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Which Bike? Comments and Questions on what is the best bike for YOU, for YOUR trip. Note that we believe that ANY bike will do, so please remember that it's all down to PERSONAL OPINION. Technical Questions for all brands go in their own forum.
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  #1  
Old 18 Jul 2007
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Red face yamaha or honda?

hi, this is my first post.

first I'll introduce my self:

Im a 27 years old Physical therapist, who a violent insident in my life change my way of see the life. Im chilean, and I speak spanish, but I tried to write and speak english (sorry about my writing mistakes). Im a mountainbiker but recently I get a motorcycle.

on march of the next year i plan to travel solo from santiago de chile to L.A. california. my route wasn't finished yet, but my idea is make it straight and fast (I only have 2 months to do it). I'll come back to chile on airplane.

this is my first travel, i am a beginer-medium level rider, and my two optios are:

1989 yamaha xt600z ténéré with 96.000 kms on it

the other is a honda NX 250 1992, with only 9.500 original kms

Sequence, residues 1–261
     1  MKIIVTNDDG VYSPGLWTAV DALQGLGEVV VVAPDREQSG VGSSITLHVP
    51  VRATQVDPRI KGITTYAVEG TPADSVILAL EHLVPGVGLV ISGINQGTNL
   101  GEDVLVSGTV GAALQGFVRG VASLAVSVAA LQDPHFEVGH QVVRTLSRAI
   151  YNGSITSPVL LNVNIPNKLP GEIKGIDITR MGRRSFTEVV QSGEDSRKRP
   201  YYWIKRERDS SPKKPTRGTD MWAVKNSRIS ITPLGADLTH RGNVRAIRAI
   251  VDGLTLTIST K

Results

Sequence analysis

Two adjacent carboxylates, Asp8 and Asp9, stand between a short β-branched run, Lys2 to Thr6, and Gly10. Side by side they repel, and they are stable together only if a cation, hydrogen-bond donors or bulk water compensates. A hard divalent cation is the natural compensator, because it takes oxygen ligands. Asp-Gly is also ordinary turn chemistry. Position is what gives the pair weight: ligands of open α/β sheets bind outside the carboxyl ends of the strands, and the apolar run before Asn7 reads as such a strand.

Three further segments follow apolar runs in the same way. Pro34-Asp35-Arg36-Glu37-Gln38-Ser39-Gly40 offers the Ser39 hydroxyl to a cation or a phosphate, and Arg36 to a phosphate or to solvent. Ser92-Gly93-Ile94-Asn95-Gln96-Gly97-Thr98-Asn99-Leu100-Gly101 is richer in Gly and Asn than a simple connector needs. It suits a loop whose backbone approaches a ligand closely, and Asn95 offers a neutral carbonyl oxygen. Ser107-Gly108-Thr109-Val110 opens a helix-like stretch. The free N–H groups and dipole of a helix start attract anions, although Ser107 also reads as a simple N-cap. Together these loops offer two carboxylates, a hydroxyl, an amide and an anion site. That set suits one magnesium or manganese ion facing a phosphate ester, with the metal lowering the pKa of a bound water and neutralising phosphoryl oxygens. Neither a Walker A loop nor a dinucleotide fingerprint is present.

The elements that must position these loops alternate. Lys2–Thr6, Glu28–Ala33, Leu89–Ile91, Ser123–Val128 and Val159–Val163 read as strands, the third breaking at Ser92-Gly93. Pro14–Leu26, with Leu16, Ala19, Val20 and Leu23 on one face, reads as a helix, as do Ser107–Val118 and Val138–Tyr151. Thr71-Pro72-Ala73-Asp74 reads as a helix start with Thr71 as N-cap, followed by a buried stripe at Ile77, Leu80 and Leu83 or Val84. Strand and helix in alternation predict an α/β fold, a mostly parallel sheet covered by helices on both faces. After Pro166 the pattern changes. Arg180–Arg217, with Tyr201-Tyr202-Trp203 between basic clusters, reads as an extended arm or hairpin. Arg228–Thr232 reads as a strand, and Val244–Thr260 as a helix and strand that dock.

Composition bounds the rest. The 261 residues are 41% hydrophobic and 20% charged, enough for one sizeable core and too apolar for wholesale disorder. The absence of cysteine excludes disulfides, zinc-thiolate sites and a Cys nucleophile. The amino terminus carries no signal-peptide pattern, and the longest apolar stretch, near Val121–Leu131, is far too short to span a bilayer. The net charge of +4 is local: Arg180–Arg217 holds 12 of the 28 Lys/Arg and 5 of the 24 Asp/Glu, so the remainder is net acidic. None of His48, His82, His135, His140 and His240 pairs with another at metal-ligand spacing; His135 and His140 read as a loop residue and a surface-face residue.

the countries I'll across will be chile, peru, ecuador, colombia, panama, central america countries, mexico and south of USA.

this will be a totally solo travel, with just a couple of kilos of luggage, im a 70 kilos person.

thanks for your help!
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  #2  
Old 18 Jul 2007
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The NX250 Baby Dominator.

My wife and I are heading across Africa next month on Honda XR250's. The only two problems I had with my bike was a wrecked clutch basket which was installed incorrectly and a seized engine because I didn't check the oil. If it wasn't for those human errors I am confident I would have never had problems with the bike. The more I ride this bike the more I am being convinced that this is the perfect bike for our purposes...ask me again in 6 months time

Also, isn't south America "Honda Country" with loads of spares etc.